Most mouse models of Dravet syndrome have supported the theory that SCN1A mutations affect inhibitory neurons more than excitatory neurons, resulting in a the inhibitory neurons’ failure to activate and counteract excitation. Various theories exist for why excitatory neurons are able to compensate for the loss of SCN1A function due to mutations, including the ability of excitatory neurons to increase expression of other ion channels. While neurons in vitro such as iPSCs have supported the inhibition theory, it has been difficult to test the theory in functioning human brains. This study, published in Neurology, used transcranial magnetic stimulation (TMS) to excite specific neuronal networks in 6 adult patients with Dravet syndrome, 10 adults with epilepsy (not DS), and 10 healthy controls, then measured the electrical response rate. No short interval intracortical inhibition (SICI) was found in the DS patients while the other epilepsy patients and healthy controls all had measurable inhibition. Long interval intracortical inhibition (LICI), on the other hand, was similar among all groups. Possible explanations for this difference include the differences between the pulses used in each system, the fact that SICI is believed to be mediated by GABAA receptors while LICI is believed to be mediated by GABAB receptors, the higher average number of anti-epileptic medications taken by DS patients, and a possible difference in measurement due to other SCN1A effects. Regardless, the finding that SICI is lower in DS patients while LICI remains normal supports the previous animal models and suggests the inhibitory networks are intact but have a “reduced sensitivity to low-intensity stimuli.”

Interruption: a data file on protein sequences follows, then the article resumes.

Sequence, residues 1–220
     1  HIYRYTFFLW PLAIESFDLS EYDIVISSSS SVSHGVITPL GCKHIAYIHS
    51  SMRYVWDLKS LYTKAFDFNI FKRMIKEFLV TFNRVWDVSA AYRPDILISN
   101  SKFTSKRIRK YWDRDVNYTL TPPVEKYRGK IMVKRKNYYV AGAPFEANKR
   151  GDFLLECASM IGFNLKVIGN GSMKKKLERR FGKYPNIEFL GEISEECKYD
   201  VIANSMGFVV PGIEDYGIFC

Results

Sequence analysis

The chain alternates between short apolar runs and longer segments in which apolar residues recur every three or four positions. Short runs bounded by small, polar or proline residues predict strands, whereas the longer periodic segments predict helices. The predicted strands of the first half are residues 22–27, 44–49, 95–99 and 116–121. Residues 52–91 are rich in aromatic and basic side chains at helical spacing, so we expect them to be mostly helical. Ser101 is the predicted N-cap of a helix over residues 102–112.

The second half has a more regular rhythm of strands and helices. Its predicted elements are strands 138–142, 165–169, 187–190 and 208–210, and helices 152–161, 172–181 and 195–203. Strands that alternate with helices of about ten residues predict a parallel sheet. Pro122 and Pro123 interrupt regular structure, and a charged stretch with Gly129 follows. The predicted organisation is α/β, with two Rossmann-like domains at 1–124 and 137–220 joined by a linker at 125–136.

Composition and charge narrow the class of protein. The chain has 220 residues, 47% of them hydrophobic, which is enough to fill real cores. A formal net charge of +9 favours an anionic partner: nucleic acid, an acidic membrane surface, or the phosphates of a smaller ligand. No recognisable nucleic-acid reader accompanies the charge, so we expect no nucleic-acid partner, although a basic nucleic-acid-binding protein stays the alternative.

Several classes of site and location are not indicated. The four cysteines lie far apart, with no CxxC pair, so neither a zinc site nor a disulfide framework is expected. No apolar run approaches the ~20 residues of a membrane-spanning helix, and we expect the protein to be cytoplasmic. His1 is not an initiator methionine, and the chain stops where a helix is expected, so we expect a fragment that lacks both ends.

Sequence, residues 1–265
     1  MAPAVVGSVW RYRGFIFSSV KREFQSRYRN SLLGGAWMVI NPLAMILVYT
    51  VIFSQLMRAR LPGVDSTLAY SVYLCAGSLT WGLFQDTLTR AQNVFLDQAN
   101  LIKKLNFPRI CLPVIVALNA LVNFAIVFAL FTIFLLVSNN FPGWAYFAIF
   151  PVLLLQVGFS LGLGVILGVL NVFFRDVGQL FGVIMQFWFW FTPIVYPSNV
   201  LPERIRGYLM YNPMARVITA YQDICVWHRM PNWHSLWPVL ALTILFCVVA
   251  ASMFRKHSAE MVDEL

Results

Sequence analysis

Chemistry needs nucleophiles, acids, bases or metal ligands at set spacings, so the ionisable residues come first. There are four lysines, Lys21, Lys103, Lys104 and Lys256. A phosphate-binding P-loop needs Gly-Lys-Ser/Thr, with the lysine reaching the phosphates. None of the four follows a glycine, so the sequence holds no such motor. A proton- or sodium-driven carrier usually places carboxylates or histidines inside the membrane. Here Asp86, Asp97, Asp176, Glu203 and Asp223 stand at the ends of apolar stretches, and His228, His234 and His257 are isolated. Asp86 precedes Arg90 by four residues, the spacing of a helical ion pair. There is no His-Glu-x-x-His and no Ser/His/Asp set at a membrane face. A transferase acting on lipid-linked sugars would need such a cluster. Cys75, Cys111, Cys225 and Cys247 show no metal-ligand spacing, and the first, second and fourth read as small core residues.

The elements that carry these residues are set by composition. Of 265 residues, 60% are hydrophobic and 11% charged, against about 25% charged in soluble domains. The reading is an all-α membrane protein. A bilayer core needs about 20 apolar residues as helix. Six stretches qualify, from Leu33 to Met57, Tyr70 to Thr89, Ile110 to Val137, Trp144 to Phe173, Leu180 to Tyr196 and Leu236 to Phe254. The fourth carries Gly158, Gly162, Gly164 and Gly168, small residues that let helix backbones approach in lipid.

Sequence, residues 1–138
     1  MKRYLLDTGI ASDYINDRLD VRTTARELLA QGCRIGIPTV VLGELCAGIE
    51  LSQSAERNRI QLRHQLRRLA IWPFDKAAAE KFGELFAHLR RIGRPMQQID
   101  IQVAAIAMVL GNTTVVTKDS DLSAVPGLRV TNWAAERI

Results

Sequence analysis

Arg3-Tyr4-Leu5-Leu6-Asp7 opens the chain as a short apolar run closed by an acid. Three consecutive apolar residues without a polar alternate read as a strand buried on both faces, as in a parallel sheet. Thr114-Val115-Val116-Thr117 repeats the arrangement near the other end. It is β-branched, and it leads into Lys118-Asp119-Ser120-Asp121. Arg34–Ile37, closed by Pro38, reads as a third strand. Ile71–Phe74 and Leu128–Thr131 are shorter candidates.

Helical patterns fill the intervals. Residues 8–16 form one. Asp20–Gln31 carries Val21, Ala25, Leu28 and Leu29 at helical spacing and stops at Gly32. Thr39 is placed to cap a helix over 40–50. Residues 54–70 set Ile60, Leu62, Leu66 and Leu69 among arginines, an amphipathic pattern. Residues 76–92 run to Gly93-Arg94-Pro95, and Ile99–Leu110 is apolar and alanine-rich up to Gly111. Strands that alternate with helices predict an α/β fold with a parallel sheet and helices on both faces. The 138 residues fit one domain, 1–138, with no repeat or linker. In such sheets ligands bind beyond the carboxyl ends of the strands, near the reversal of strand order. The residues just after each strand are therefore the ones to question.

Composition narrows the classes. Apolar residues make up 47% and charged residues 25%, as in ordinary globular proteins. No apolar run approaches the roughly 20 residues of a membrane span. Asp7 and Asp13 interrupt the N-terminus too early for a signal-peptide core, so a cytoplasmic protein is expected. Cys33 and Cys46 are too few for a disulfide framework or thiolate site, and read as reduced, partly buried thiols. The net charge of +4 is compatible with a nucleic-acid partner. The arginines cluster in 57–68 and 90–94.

Stern WM, Sander JW, Rothwell JC, Sisodiya SM. Impaired intracortical inhibition demonstrated in vivo in people with Dravet syndrome. Neurology. 2017 Mar 29. pii: 10.1212/WNL.0000000000003868. doi: 10.1212/WNL.0000000000003868. [Epub ahead of print] PubMed PMID: 28356460.